John Kafalas delivers a ball at Pilgrim Lanes, Haverhill, MA after competing in the 1975 MBA state tournament.

I coulda been a contendah -- in fact, I was, at one time!


In the mid- to late-1970s, I was one of the top youth candlepin bowlers in Massachusetts. With an average that peaked at 115 in the 1977-8 season, a high single of 175 and high triple of 427, I had pretty good stats for a youngster; my high average and high single were recorded at Sudbury Bowladrome, and my high triple was at Crowell Bowl in Stow, MA. My favorite accomplishment was finishing third in the World Invitational Championships in 1976 (see below). This is, perhaps, not as incredible as it sounds, since candlepin bowling is a regional sport and my total in that event (522 for five strings) wasn't even a very good score for me at the time. But how many people can truthfully claim a podium finish in a world championship event?

Here's a summary of my tournament accomplishments:

1975 MBA State Championships. Junior Boys' Singles, 5th Place (533 for 5 strings) 
1975 WCBC World Championships. Midget Boys' Singles, 5th Place*
1976 MBA State Championships. Junior Boys' Team, 3rd Place
1976 World Invitational Championships. Junior Boys' Singles, 3rd Place (522)
1977 Northeast Candlepin Bowling Classic. Junior Division III Singles, 2nd Place (579)
1978 MBA State Championships. Senior Boys' Doubles, 3rd Place
1979 MBA State Championships. Senior Boys' Singles, 3rd Place (586)

*The '75 Worlds finish is from memory, because trophies were only awarded to the first three finishers in each division. If I recall correctly, so many years after the fact, there were three youth divisions: Midget, Junior, and Senior. I'm not 100% sure about that part of it -- but I did finish 5th in the world tournament that year, in whichever division 12-year-olds competed in. The "WCBC" referred to here is not the present-day World Candlepin Bowlers Congress, but rather the World Candlepin Bowling Council, which was the predecessor of today's International Candlepin Bowling Association (ICBA), the world sanctioning body for candlepin bowling.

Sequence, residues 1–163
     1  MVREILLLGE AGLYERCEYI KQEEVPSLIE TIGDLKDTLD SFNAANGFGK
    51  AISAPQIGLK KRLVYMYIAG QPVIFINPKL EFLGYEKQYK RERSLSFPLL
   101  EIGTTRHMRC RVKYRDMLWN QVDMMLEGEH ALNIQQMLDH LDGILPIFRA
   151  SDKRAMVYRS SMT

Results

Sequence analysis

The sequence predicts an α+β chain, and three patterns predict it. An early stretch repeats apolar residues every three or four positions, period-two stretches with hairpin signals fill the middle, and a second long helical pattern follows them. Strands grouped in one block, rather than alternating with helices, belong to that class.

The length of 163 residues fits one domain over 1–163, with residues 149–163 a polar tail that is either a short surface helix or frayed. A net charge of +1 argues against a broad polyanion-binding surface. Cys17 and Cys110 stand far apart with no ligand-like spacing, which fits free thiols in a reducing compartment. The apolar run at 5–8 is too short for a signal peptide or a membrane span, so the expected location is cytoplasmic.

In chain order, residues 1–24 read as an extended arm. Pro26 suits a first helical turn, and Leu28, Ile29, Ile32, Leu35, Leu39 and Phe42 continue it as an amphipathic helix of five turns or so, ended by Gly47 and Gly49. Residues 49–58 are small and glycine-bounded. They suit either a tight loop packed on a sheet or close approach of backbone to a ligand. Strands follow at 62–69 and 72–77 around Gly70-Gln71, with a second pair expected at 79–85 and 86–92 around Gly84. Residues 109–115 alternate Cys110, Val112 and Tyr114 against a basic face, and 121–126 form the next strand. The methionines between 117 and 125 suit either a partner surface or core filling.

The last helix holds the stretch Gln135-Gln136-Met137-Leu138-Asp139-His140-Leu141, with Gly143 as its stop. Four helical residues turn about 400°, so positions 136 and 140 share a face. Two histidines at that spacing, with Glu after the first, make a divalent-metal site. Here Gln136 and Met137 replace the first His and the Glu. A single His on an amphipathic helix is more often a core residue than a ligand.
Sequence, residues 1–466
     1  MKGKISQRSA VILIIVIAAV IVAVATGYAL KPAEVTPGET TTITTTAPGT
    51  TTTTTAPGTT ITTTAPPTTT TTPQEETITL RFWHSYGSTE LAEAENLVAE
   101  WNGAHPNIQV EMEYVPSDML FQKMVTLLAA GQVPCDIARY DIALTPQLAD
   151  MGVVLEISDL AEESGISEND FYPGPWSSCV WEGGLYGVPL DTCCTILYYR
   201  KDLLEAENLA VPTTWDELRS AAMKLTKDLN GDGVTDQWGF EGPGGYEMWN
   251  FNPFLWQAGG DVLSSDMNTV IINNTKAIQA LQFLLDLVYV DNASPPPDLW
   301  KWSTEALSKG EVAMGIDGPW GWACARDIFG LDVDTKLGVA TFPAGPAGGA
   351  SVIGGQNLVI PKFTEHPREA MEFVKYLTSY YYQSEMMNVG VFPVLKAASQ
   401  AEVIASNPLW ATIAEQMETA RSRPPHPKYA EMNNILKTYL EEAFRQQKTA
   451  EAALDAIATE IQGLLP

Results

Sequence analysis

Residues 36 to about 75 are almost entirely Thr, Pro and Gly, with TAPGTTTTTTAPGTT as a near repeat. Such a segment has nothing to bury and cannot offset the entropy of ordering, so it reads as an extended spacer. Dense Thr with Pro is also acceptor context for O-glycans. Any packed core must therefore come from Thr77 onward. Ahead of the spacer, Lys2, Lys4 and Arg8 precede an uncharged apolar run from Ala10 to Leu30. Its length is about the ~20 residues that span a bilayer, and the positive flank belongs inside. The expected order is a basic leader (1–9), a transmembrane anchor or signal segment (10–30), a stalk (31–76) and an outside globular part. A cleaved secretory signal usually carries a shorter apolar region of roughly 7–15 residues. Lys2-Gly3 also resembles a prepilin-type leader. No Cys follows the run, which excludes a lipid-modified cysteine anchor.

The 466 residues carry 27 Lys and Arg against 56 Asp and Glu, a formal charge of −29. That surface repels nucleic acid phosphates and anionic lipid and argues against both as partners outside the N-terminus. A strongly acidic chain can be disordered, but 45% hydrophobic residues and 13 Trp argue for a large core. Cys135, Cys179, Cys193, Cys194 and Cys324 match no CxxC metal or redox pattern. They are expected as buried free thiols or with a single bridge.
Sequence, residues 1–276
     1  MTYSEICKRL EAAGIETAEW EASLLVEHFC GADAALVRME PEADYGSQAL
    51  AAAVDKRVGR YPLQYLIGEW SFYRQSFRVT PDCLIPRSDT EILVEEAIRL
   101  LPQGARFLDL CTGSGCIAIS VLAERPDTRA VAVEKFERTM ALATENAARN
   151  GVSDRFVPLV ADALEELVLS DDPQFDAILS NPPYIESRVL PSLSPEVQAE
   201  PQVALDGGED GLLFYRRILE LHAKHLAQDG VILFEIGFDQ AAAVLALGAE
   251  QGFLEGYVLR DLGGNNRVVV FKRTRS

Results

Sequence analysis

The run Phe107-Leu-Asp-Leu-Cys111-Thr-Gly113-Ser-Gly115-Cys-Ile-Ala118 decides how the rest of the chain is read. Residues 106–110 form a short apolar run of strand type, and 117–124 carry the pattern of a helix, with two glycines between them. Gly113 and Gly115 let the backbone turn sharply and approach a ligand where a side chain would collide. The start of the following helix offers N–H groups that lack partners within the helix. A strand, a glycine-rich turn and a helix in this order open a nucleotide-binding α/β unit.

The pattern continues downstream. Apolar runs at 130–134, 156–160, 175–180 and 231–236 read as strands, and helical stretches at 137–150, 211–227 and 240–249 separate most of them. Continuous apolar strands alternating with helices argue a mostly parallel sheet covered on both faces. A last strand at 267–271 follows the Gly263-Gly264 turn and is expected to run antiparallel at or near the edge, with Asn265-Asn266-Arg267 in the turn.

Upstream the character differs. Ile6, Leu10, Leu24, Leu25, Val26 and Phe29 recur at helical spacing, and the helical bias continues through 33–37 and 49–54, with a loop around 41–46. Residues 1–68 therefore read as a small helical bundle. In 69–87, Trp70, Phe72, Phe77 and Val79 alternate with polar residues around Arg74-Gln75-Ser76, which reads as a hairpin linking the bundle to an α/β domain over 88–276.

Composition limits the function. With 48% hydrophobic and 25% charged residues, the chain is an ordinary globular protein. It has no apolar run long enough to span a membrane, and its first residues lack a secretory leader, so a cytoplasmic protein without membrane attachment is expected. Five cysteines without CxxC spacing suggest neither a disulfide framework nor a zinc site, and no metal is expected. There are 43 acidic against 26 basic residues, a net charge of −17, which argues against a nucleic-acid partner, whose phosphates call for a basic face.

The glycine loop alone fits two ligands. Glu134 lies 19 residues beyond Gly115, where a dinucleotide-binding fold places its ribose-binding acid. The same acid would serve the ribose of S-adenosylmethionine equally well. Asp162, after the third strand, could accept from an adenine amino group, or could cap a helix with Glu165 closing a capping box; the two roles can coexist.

Other highlights of my close-but-no-cigar youth career included an appearance, in the fall of 1975, on a program called Candlepin Champs, which was broadcast on Channel 7 in Boston. I bowled a two-string match against one Paul Kobel, who had finished fourth in the state tournament. After a seesaw battle, Paul defeated me by seven pins, making a spare-7 in the final box of the second string. It was a heartbreaking defeat, because in my ninth box, I had dropped five pins with my first ball, then converted the spare, but was called for a lob, nullifying the second ball and giving me a 5 for the box. I knocked down nine pins with my first ball of the tenth box -- so that lob in the ninth cost me 14 pins and the match.

In the 1980 MBA state tournament, I debuted as an adult and recorded a 1207 (10 strings) in the Men's Open Singles event. The following year, I tailed off a bit, with an 1117, and I only competed once after that, with a 1099, which I think was in 1987. I also entered a few TV rolloffs from time to time, for Don Gillis's Channel 5 show and the doubles show, but with unremarkable results.

Tenpins -- it ain't the same!

Since moving to Arizona, I've taken up tenpins, with some enthusiasm, but not as much as I had for candlepins. I've competed in city, state, and national tenpin tournaments, and also in Arizona Classic Bowling Association (ACBA) scratch events. Haven't had a tremendous amount of success, but I do have career earnings -- a grand total of $90.00, which I won in an event in Tucson:

Let it not be said that I've bowled entirely in vain!

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